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Ancient Egypt: Excavation at Tell Edfu Reveals Early New Kingdom Complex

By March 15, 2019Blog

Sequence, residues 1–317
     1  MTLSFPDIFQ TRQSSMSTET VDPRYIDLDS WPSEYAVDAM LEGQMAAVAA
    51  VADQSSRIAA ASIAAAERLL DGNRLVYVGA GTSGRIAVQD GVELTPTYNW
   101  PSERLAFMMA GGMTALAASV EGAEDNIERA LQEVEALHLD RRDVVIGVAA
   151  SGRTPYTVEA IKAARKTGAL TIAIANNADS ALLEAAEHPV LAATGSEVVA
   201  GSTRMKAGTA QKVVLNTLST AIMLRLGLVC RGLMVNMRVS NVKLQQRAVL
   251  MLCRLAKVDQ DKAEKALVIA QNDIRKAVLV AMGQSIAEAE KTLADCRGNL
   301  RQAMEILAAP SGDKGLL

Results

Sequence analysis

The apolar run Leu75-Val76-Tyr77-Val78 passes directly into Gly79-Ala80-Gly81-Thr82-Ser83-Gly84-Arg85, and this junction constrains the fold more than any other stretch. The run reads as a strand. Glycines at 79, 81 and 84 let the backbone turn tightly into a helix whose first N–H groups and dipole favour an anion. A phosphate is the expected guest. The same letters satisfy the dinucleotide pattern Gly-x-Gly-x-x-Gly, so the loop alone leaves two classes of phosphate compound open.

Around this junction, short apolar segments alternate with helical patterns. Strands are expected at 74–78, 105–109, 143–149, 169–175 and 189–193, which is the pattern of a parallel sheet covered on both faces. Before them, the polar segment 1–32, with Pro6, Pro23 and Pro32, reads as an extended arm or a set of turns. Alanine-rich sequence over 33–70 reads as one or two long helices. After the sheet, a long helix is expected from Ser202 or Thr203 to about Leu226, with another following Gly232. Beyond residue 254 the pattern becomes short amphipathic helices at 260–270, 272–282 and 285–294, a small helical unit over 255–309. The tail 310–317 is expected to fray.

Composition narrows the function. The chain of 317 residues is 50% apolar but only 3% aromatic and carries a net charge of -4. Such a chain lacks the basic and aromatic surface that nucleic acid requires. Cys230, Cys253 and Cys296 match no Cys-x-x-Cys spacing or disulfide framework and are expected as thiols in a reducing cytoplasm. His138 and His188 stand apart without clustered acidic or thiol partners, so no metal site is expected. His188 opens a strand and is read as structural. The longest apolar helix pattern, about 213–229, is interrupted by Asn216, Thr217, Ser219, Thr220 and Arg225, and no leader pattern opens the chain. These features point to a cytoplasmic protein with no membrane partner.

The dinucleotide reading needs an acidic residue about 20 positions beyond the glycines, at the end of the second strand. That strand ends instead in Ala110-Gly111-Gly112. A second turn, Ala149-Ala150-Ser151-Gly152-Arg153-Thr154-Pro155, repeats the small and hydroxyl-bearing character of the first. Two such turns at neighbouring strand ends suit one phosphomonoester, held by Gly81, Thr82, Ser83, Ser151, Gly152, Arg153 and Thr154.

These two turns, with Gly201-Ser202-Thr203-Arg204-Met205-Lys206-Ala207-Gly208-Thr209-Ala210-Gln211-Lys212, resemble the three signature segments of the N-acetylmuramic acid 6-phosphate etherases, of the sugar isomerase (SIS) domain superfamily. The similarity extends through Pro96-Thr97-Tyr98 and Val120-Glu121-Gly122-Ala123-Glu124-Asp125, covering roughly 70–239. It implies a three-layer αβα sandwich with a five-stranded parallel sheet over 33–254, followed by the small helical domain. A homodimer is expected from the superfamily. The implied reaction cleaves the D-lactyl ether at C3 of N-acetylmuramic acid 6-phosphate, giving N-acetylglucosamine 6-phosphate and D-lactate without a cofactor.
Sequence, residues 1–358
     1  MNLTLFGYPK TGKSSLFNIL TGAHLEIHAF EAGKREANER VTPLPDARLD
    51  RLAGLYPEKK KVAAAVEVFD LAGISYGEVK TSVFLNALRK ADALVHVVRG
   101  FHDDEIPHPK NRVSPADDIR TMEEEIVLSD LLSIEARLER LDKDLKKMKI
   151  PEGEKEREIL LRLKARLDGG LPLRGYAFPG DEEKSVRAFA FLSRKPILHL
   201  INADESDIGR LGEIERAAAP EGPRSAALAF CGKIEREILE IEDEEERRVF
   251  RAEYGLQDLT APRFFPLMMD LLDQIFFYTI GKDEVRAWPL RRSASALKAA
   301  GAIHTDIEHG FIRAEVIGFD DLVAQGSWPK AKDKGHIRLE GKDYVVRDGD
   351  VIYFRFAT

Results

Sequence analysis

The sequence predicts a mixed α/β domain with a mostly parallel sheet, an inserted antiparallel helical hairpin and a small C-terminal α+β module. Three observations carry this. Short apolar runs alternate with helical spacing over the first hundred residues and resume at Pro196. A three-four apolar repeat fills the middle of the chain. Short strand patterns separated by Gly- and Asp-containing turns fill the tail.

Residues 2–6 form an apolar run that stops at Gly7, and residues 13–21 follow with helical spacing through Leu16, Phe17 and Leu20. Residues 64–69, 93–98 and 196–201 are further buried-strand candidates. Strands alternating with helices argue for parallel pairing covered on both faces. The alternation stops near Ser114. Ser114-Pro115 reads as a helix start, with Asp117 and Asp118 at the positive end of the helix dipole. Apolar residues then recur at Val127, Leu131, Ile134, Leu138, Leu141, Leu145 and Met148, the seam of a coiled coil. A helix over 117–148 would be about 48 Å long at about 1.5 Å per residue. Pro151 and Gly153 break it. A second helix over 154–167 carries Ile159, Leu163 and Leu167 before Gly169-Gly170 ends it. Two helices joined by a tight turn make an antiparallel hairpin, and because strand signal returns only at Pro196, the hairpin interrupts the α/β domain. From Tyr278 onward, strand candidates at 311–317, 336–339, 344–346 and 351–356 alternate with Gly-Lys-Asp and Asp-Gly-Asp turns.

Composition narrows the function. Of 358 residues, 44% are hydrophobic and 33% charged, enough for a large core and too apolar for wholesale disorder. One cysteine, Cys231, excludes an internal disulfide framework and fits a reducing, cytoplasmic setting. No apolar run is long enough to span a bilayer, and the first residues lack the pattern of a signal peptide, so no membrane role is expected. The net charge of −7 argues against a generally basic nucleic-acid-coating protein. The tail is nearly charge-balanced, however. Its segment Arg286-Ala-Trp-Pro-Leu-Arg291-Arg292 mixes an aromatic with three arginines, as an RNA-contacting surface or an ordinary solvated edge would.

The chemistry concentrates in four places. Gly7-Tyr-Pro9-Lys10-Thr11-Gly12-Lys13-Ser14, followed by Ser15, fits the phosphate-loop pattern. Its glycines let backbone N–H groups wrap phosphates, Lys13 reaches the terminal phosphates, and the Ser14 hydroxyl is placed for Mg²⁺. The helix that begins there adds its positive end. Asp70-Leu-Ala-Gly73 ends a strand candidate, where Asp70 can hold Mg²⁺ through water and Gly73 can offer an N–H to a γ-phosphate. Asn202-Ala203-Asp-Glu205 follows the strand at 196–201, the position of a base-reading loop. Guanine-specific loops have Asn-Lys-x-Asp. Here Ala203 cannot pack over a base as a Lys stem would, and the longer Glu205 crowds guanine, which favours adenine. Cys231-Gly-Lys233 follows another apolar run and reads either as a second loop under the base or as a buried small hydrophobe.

Figure 3 [:en] Excavation work led by the University of Chicago’s Oriental Institute team has unearthed a large urban villa dating back to the early New Kingdom, about 1500-1450 B.C.E. The findings at the site of Tell Edfu in southern Egypt include a large hall containing a rare and well-preserved example of a domestic shrine dedicated to family ancestors. “It has been more than 80 years since such a shrine for the ancestors was discovered in Egypt, and the ones we did have were rarely within an undisturbed context,” said Nadine Moeller, associate professor of Egyptian archaeology at UChicago, who leads the Tell Edfu Project excavation with Oriental Institute research associate Gregory Marouard. Located about 400 miles south of Cairo in the Nile Valley, the ancient city of Tell Edfu was a provincial capital occupied for nearly 3,000 years. The archaeological fieldwork has excavated settlement remains and monuments from Egypt’s Old Kingdom (ca. 2400 B.C.E.) all the way to the Ptolemaic period (332-30 B.C.E). The project is currently part of the work of the Oriental Institute, a leading center for the study of ancient Near Eastern civilizations founded in 1919. The latest discovery at the site of Tell Edfu is one of the earliest examples of an ancestral shrine from the New Kingdom, and the first archaeological example discovered in many decades, Moeller and Marouard said. The last excavation, completed

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